German was not in fact standardized by the end of the 18th century, but
instead that the standardization process was ongoing in the mid 19th
century.

Nils Langer's contribution, "On the importance of foreign language
grammars for a history of Standard German" (67-82), suggests that an
investigation of early grammars of foreign languages can be useful in
preparing a history of Standard German, since they may indicate how and to
what extent prescriptivist recommendations entered language use.
Furthermore, the success of prescriptivists could be measured based on
their success in convincing language teachers to use their variety of
German. Langer therefore investigated the treatment of two
morphosyntactic constructions which are ungrammatical in Standard German,
but are well-attested in Early New High German (approximately 1350-1650),
polynegation and the use of tun 'to do' as an auxiliary verb (see the
extensive discussion of this second construction in Langer 2001), in
various foreign language grammars. The results were "heterogeneous and
partially ambiguous" (79), since some of the grammars discussed these
constructions, while others ignored them. He does note that "the rules
and usages of L2 teachers do not fundamentally violate the recommendations
of contemporary prescriptive grammarians, suggesting that language
teachers were probably aware ... of the results of discussions by
theoretical linguists" (79).

The first section of the volume concludes with a paper by
Alexander Y. Zheltukhin entitled "Norms and standards in 16th century
Swedish orthography" (83-98), which builds on earlier work by the same
author (Zheltukhin 1996). Zheltukhin argues that there was a considerable
drive towards uniformity in spelling in 16th century Swedish texts, out of
which developed a number of community norms, one of which became the
orthographic standard (namely the norm codified in the Gustavus Vasa
Bible, originally published in 1541). Eventually, however, this standard
became obsolete and was replaced by the orthographic standard of the
second edition of this Bible, the Gustavus II Adolf Bible, published in
1618.

The second section begins with "Emerging mother-tongue awareness.
The special case of Dutch and German in the Middle Ages and the Early
Modern Period," by Luc de Grauwe (99-115). De Grauwe notes that earlier
conceptions of the Western European linguistic landscape often divided it
exclusively into Germanic and Romance speaking territories, and further
that earlier writers tended to use the terms diutesch/duedesch/duutsch
(cp. German Deutsch, English Dutch), which means 'the language of the
people', for the entire German/Dutch dialect continuum. His discussion
therefore focuses on the emerging concepts of German and Dutch as separate
languages, reviewing their standardization and separation. He further
observes that many writers are aware of the special connection between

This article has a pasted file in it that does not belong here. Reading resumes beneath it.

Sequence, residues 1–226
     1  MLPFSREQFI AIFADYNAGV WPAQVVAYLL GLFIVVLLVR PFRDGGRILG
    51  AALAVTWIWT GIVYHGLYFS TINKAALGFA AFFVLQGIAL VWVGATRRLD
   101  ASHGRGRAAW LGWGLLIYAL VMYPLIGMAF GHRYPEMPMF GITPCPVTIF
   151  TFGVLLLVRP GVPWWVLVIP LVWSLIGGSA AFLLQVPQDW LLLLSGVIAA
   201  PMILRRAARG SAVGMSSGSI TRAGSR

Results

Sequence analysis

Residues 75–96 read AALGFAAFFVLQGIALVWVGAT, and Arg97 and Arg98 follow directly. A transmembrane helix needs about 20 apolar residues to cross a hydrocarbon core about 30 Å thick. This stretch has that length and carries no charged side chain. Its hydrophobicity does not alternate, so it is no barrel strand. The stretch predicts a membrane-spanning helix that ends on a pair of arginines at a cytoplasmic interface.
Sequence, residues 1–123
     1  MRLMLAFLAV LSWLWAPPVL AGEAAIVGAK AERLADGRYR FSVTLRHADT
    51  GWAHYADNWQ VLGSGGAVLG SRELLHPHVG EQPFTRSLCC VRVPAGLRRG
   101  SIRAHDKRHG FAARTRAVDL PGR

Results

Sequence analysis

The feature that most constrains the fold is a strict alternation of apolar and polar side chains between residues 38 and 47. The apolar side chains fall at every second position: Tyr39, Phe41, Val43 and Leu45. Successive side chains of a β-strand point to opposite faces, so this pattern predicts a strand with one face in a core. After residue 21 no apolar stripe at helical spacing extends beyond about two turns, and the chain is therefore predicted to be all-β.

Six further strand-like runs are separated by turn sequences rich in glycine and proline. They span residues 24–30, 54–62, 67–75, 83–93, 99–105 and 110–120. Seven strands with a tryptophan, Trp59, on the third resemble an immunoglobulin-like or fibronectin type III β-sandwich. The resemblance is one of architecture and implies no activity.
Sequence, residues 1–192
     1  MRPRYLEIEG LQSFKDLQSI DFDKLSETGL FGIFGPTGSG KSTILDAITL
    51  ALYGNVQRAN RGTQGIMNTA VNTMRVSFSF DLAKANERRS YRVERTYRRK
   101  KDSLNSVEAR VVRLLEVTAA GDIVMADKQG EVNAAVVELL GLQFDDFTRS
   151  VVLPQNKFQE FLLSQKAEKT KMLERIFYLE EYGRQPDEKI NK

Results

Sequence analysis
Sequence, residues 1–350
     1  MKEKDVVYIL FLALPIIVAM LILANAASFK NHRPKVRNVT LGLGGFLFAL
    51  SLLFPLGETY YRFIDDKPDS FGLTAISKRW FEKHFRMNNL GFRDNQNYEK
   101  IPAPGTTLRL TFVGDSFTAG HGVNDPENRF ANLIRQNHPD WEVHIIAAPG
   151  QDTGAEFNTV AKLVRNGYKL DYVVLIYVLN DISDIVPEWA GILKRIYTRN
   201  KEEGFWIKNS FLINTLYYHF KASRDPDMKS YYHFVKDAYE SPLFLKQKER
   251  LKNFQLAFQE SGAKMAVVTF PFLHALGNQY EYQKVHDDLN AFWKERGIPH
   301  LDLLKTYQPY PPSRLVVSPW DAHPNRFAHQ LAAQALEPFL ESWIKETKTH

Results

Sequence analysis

Dutch and German, and concludes with some speculations about whether this
process will continue, such that the German spoken in Switzerland, say,
will be renamed "Swiss."

Jetje de Groof examines "Two hundred years of language planning in
Belgium" (117-134). De Groof argues that language planning played an
important role in the standardization of Dutch in Belgium, that the de
jure language freedom led to de facto Frenchification, and finally that,
in the initial stages of language planning in Belgium, the structure of
the language itself was generally not an issue. De Groof further
attributes the eventual spread of Standard Dutch in Belgium to three major
factors: (1) increased government involvement (in the form of official
status for Dutch, the establishment of the Flemish Academy, and so on),
(2) increased contact with Dutch due to the media, and (3) economic
factors.

Kendra Willson discusses "Political inflections. Grammar and the
Icelandic surname debate" (135-152). Icelandic has retained a patronymic
naming system (the Icelandic phone directory is famously based on first
names), although some people also have surnames. Willson notes that
surnames first appear in Icelandic in the 17th century, and that they
became steadily more common over the next two centuries or so.
Eventually, official attempts were made to halt this practice; for
instance, an 1881 proposal (which was not passed) would have required a
fee of 500 crowns to take a surname, as well as charging an annual tax of
10 crowns per syllable of the surname, and a 1913 law required
governmental permission to adopt a surname and required a fee of ten
crowns to change a name and a charge of two crowns per surname. These
laws did not stop the debate over surnames or their adoption, but the
patronymic system has generally survived.

The last paper in this section is titled "Standardization,
language change, resistance and the question of linguistic threat. 18th
century English and present-day German" (153-178), by Peter Hohenhaus.
Hohenhaus offers a comparative perspective, examining developments from
18th century English and current German, with regard to linguistic purism.
Hohenhaus argues convincingly that, despite the claims of various
alarmists about the "purity" of these languages, neither English nor